My son, Malcolm, is a candidate for President of the student council at his middle school. He announced his candidacy last week. Within moments, there were posters around his school and a Facebook group dedicated to his election. Over the course of the first week of his campaign, its message has migrated from one that suggested that it was somehow right that he should be elected (echoes of Dukasis’s first campaign for governor) to one focused on his desire to represent the other students at the school. Malcolm seemed instantly to understand that a campaign message that suggested his own superior gifts would not be as effective as one that emphasized his desire to serve (remember Deval Patrick’s first campaign — “it’s not about me”). The President needs to learn from Malcolm and, on Tuesday, he needs to bring humility and eagerness to serve with him to his debate against Mitt Romney.
I’ll get back to the upcoming debate, but I want to focus on Malcolm a little longer. His first poster featured a particularly dashing shot of him in a science classroom. It read: “Vote for Malcolm Davis. He’s Probably Smarter than You.” A friend made it. It’s funny (sort of) and certainly attention-grabbing. At the same time, it conveys a sense of superiority and entitlement (something Mal doesn’t have, by the way). The campaign at his school will run for several weeks and he worried, I think correctly, that this approach risked making his opponent, Rachel, seem more appealing. And so he changed it.
That’s what we need on Tuesday. We need Obama to change his approach. In the first debate with Romney, he was the President of his first term. Somehow, his manner suggests that he does not need to take the time to explain to us what it is he is doing or would do. Part of why there is so much controversy about the health care bill is that the President didn’t ever make the time to explain to us how it worked or why it was right. In the first debate, he behaved just as he has governed, as if he thinks that he is probably smarter than you. Whether he is or not is beside the point. Explaining is not an imposition; it’s leadership.
Malcolm’s second poster says — “You Should Probably Vote for Malcolm Davis.” Here, his message is less about him and more about his constituency. It respects their thinking and the idea that they will decide. Still though, it is campaign without substance. In his third poster, he is holding a window fan. It says, “I am a fan of your ideas.” And that is where his poster really captured his message. At dinner the first night of his campaign, he explained to all of us that he wanted to make sure that the student government at his school focused on the students’ ideas for the school. The student council President sets the agenda for these meetings. And so, his Facebook page says that agenda will be determined by what the students want to have discussed. In other words, he wants to represent the people whose votes he seeks.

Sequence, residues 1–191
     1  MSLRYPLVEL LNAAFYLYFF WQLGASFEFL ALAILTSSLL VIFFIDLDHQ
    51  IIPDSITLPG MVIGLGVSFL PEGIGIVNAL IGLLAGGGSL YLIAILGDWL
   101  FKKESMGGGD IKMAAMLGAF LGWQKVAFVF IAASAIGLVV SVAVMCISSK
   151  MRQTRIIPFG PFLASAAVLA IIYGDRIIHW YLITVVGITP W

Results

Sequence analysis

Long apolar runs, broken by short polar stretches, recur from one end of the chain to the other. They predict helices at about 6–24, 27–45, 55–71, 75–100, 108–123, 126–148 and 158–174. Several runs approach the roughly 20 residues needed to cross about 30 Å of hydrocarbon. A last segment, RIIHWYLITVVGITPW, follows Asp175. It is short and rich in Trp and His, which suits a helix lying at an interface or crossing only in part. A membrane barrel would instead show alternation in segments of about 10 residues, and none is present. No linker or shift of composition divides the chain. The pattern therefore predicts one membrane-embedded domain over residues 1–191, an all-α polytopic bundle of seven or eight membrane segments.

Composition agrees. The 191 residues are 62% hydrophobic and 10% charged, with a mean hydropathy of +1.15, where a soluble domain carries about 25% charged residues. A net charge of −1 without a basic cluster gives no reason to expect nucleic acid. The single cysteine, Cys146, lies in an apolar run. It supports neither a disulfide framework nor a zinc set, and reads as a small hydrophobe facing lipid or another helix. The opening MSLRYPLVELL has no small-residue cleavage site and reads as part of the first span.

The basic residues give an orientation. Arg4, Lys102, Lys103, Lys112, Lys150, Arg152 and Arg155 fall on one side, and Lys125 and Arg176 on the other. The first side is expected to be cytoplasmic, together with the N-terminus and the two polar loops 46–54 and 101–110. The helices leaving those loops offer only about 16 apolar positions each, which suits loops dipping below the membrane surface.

I have been down on the Town Hall format as a comeback venue for the President. Thinking about Malcolm’s campaign has me hopeful. Obama needs to look the voters in the eye, take the time to answer the question clearly, and show an eagerness to lead us. Sure, he also needs to take Romney on directly. But, the forum should help with that. Romney seems to have trouble with real people. He thinks he is probably smarter than you. He thinks his “success” means he should lead. His friends are NASCAR owners. Come on — Tuesday is the moment when likability should assert itself. Obama has to make the effort to connect and explain. If he does so, things should change in his direction.
Malcolm’s campaign is taking off. There are t shirts, posters and bracelets. The debate is a week or so away. I am confident that he will not view the debate as an imposition. Instead, he will see it and treat it as an opportunity to connect with the people he hopes to lead. The President has that opportunity on Tuesday. He’d better make the best of it.
1/12/13 — Malcolm was elected and now serves as Student Council President. His campaign slogan evolved and his last poster read: “Your Ideas, Implemented.” Now, he finds that the same folks (voters) who so much wanted a say seem apathetic about government. The upcoming dance gets some attention, but longer term efforts (like replacing pencil sharpeners) simply fall on deaf ears. It’s a good reminder that the governed need to remain involved.